|Equipment availability||High||The fraction of the actual operating time (run time) of a machine and its scheduled machine time (planned production time). The higher this ratio, the better|
|Equipment performance||High||A measure of the speed at which the work center runs in comparison to its designed speed|
|Process quality||High||The quality of the process in terms of the ratio of right parts produced as compared to the total number of parts produced|
|Equipment utilization (EU)||High||The planned production time in comparison to the calendar time|
|Production flexibility||Low||The qualitative assessment of either the operational flexibility to adjust production volumes to the current demands or of the flexibility to produce different products or product variants using the same production line|
|Rolled throughput yield||High||The probability that a single unit passes a series of process steps free of defects, or in other words: The overall production yield in the case of multiple process steps, i.e., the total production efficiency|
|Process cycle time||High||The total time for one unit to pass through the entire process from beginning to end|
|Process reliability||Medium||The ratio of total unplanned interruption time and scheduled machine time to assess how reliably the process operates without encountering any problems|
|Process automation rate||Medium||The rate at which a process is automated|
|Warehouse capacity utilization||High||The proportion to which the maximum space available (based on the maximum warehouse capacity) is used by all stored goods (raw materials, work in progress, and finished goods)|
|Days on hand||High||A measure for the average number of days an item is held in the inventory to indicate how well inventory is being managed|
|Average stock level||High||The average stock level is maintained at hand throughout the year|
|Inventory value||High||The cost of unsold inventory at the end of an accounting period (typically at the end of the fiscal year)|
|Warehousing costs||High||The total cost associated with warehousing, including space, warehousing activities, equipment, transportation efforts, quality control, stock losses, and safety|
|Product handling||Medium||The total cost for warehousing activities such as receiving, putting, moving, picking, sorting, packing, and shipping|
|Total resource costs||High||The total cost associated with resources in terms of the purchase price, transaction costs, storage costs, and any other costs|
|Resource availability||Medium||The assessment of the availability of resources. Especially useful in case of rare resources or when the availability is highly dependent on the current demand|
|Risk level of resources||Medium||The qualitative assessment of the safety risks in terms of health issues or environmental hazards that could be triggered by resources|
|Health risks||Medium||Any health risks related to resources|
|Environmental hazard||Medium||Any environmental hazards related to resources|
|Total water consumption||High||The quantification of the total yearly water consumption for various purposes within the company (e.g., process water, cooling water, domestic water, etc.)|
|Water recovery rate||High||The rate at which the used water is recovered within the company and reused for the same or other purposes. It has a direct impact on the yearly freshwater consumption and water disposal. Remark: if the recovery rate is reduced, the water consumption is most likely to be reduced at the same time, its monetization then accounts for both MBs at the same time|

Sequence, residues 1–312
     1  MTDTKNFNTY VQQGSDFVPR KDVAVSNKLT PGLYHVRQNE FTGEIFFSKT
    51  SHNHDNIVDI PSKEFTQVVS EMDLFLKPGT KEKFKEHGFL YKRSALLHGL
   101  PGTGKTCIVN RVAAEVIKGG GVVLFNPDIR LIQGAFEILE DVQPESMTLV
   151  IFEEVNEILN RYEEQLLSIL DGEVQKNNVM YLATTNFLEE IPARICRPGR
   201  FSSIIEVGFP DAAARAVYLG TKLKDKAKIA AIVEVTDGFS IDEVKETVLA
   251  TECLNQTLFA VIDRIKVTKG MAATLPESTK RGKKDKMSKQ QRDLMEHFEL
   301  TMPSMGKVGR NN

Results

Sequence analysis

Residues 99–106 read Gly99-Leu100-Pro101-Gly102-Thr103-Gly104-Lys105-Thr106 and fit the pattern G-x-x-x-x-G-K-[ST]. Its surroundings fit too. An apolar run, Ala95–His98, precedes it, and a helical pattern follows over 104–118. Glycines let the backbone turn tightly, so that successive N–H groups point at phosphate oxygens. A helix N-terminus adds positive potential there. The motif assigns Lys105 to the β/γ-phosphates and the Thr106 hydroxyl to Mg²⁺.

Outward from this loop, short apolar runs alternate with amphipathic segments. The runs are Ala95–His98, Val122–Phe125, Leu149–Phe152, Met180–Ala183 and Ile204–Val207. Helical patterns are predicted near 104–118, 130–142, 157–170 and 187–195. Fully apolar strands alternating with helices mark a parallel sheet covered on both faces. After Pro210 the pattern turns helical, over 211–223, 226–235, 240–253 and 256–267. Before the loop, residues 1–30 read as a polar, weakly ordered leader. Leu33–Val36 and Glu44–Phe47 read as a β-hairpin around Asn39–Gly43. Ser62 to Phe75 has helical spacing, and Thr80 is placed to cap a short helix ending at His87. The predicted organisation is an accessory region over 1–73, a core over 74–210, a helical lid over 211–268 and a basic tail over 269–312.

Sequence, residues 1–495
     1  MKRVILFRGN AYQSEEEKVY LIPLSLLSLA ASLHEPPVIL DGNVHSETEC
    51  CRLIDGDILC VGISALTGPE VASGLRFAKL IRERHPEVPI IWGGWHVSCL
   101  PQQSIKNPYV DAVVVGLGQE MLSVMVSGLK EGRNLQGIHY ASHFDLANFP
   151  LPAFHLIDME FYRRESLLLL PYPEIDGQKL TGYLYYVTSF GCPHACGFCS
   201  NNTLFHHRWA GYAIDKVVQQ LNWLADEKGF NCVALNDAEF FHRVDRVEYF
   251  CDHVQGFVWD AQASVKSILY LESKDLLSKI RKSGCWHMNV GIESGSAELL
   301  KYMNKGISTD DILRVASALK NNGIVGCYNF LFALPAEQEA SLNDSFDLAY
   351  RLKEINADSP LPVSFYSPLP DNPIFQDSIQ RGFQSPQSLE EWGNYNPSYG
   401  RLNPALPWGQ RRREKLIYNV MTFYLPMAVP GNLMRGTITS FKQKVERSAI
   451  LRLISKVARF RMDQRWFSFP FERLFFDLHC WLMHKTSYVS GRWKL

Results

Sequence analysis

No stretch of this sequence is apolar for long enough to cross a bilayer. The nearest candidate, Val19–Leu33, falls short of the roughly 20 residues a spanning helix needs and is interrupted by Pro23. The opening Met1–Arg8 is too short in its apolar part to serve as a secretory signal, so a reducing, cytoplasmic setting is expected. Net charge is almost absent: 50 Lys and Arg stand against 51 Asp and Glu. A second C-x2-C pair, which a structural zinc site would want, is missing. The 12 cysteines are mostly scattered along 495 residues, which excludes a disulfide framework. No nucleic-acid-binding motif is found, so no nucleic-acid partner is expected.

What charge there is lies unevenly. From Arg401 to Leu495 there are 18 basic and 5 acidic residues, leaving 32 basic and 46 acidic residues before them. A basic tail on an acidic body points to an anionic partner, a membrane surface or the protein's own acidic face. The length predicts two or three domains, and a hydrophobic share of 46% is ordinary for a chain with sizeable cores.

|Water contamination||Low||The assessment of the level of contamination and the type of contaminants in the water|
|Total cost for waste||High||The total cost associated with waste in terms of mitigation costs, storage, disposal, treatment, and any other costs|
|Risk level of waste||Low||The qualitative assessment of the safety risks in terms of health issues or environmental hazards that could be triggered by waste|
|Health risks||Low||Any health risks related to waste|
|Environmental hazard||Low||Any environmental hazards related to waste|
|Total cost for CO2 eq-emissions||High||The quantification of the tons of CO2-equivalents emitted by processes and operations. This MB could also be considered a primary effect (such as energy savings)|
|CO2 taxes||High||The amount of taxes paid based on the yearly emission of CO2 equivalents|
|CO2 levy exemption||High||The qualitative assessment of whether the CO2 levy exemption is granted. This only applies when CO2 emission levels are below a certain threshold. Quantification of this MB occurs via the MB CO2 taxes|
|CO2 certificates (trading)||High||The total cost or profit from trading CO2 certificates|
|Total cost for other emissions||Low||The total cost associated with the emission of any emissions not being CO2-equivalents, including mitigation costs, taxes, fines, etc.|
|Compliance with target agreements, laws, and quality systems||Medium||The qualitative assessment of how well a company complies with target agreements defined (e.g., by the government). This MB can neither be quantified nor monetized. Includes the extent to which a company is able to make use of emission certificates for trading purposes and how good a company complies with standard- and quality systems|
|Granting of reoccurring subsidies||High||Any form of reoccurring subsidies that occur at project initiation is to be offset with the investment cost. Onetime subsidy occurring at a later stage of the project may be considered in the MB assessment|
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Cite this article
Wagner, C., Obermeyer, M. & Lüchinger, R. A methodology for the assessment of multiple benefits of industrial energy efficiency measures. SN Appl. Sci. 2, 270 (2020). https://doi.org/10.1007/s42452-020-2071-2
- Non-energy benefits
- Multiple benefits
- Energy efficiency measures
- Full-cost analysis
- Industrial processes